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Mulaka

Platform(s): Nintendo Switch, PC, PlayStation 4, Xbox One
Genre: Action/Adventure
Developer: Lienzo
Release Date: March 1, 2018

About Andreas Salmen

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Switch Review - 'Mulaka'

by Andreas Salmen on Feb. 28, 2018 @ 12:01 a.m. PST

Mulaka is a 3D action-adventure game based on the Tarahumara indigenous culture that explores the lore of these legendary people!

Mulaka is many things. It aims to be a spiritual experience and a historical deep dive into the myths and culture of the Tarahumara while trying to be a good action game that ties everything into an appealing package. While the effort that went into making Mulaka has to be commended, the game doesn't pull off what it tries to achieve and lacks polish in several departments, making it a somewhat disappointing journey into the lore of the Native American people of northwestern Mexico.

Before playing Mulaka, I didn't know anything about the Tarahumara, a group of Native American people in Mexico who are excellent long-distance runners and are known to run up to 200 miles in a session. This statement marks Mulaka's greatest achievement: using video games to educate the public about this old civilization. While general terms are introduced here and there, there is more information available about the enemies we face and how they connect to the lore. You won't be able to write an essay on the topic afterward, but Mulaka does an admirable job of introducing the topic in the context of an action game. The game itself, however, doesn't always do the lore justice.


We control a Sukurúame, a Tarahumara shaman, who faces the destruction of the world unless you summon the power of the demigods to save your people. Trailers and gameplay footage make this look like an open-world game, but it's very level-based. Although the levels are designed as an open space, it still plays as a fairly linear experience. We must complete seven stages (eight, if you count the final battle as a separate stage) to reach the demigods and receive their power in the form of new abilities. We push onward until we eventually face the source of the world's corruption.

As a shaman, we're a warrior but also proficient in the use of herbs and spiritual powers, and that defines the general gameplay. We're equipped with a staff and the ability to use light and heavy attacks on our opponents. After getting in a few hits, there is also a special flurry attack that deals heavy damage in the area around us. Additionally, we can throw spears, which is needed to knock enemies out of the air in order to finish them.

In addition to our combat abilities, we can create potions. In due time, we unlock all four of them, each corresponding to a special plant. Once we've collected a certain number of plants, the potion is created automatically. We can use potions to regain health, throw explosive projectiles, go into a berserker mode, and raise a temporary shield against damage. It's an antiquated system, as the plants grow in mixed patches along the way and look like they were copied and pasted into the environment a few times.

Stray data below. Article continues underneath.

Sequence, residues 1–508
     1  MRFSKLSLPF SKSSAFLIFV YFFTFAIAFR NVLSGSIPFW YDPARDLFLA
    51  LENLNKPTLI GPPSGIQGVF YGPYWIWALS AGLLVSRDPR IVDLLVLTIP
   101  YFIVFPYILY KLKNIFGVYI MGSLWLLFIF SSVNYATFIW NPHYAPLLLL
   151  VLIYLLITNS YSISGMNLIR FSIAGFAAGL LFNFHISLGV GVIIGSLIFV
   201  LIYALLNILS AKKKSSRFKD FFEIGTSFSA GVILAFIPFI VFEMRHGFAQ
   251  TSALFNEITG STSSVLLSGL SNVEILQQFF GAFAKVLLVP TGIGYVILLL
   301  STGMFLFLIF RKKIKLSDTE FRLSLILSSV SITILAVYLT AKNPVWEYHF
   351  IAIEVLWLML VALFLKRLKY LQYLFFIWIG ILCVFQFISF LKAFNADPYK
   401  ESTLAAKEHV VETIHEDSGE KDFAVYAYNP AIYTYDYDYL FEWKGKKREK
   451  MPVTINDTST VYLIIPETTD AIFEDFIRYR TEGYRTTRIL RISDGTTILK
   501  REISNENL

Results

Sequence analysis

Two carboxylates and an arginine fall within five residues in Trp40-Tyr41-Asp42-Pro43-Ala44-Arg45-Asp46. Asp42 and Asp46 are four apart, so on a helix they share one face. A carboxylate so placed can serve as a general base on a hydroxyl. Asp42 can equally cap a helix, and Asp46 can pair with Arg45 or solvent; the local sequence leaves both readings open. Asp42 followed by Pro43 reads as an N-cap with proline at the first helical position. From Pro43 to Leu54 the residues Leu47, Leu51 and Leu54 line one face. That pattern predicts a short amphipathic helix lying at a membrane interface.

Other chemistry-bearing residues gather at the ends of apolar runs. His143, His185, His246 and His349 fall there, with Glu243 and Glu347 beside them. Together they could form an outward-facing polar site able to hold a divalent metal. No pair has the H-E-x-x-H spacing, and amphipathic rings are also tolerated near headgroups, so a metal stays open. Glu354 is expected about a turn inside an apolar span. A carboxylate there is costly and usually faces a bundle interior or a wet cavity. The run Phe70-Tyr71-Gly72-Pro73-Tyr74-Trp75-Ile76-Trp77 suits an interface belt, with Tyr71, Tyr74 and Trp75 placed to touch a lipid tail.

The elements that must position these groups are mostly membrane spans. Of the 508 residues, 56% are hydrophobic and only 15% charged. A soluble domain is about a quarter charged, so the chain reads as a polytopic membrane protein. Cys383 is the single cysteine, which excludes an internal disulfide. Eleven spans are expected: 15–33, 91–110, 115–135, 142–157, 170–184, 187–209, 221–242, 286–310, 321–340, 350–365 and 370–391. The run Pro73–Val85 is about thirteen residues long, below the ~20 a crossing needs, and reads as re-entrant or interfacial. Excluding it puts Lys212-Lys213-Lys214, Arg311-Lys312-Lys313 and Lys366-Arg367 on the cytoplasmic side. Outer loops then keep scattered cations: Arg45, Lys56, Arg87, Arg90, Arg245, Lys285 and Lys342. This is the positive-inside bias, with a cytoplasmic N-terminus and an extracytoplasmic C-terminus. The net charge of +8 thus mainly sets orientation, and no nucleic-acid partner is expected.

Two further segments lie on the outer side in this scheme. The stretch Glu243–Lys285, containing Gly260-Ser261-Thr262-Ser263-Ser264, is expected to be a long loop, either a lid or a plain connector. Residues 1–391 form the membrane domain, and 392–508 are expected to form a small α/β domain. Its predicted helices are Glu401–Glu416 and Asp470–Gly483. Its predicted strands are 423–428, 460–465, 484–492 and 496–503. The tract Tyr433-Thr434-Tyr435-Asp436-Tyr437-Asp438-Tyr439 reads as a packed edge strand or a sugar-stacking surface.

Although it looks like more of an exploratory adventure, Mulaka is an action game, and combat is the main gameplay mechanic. Visually, it's decidedly rough around the edges. Animations often look weird, and the light and heavy attack system doesn't offer anything special. It can feel less satisfying than many other games that have a similarly simple approach to combat. The game rectifies this with a variety of enemies, but a few encounters can make you sweat. For some foes, you may need to use a heavy attack to break their shields or dodge in order to attack them from behind. These are hardly new ideas in an action game, but the mixture of enemies that Mulaka throws at you makes combat more intriguing. There are also the potions, which are activated by a brief dance that can be difficult to perform in the midst of combat. Once you get the hang of the combat, it's a fairly easy ride because there isn't a difficulty setting in the game .

Our protagonist also has an ability that allows him to see invisible objects, or rather, into another realm. Some enemies may be permanently invisible, while others can go to the other realm to vanish and attack you. Activating the special sight will reveal those enemies and every enemy's health bar. It also alerts us to nearby points of interests, like hidden stashes of Korima, the in-game currency for character development. Unfortunately, it has the side effect of decreasing the sub-par exploration aspect of the game and making it tough to follow due to the confusing layout.

There are also a few set piece boss battles that are quite impressive in scale. However, almost all of them are easy to defeat, making it a bittersweet affair. They look and play well, but they lack punch. They are also one of the few things that break the repetitive gameplay loop.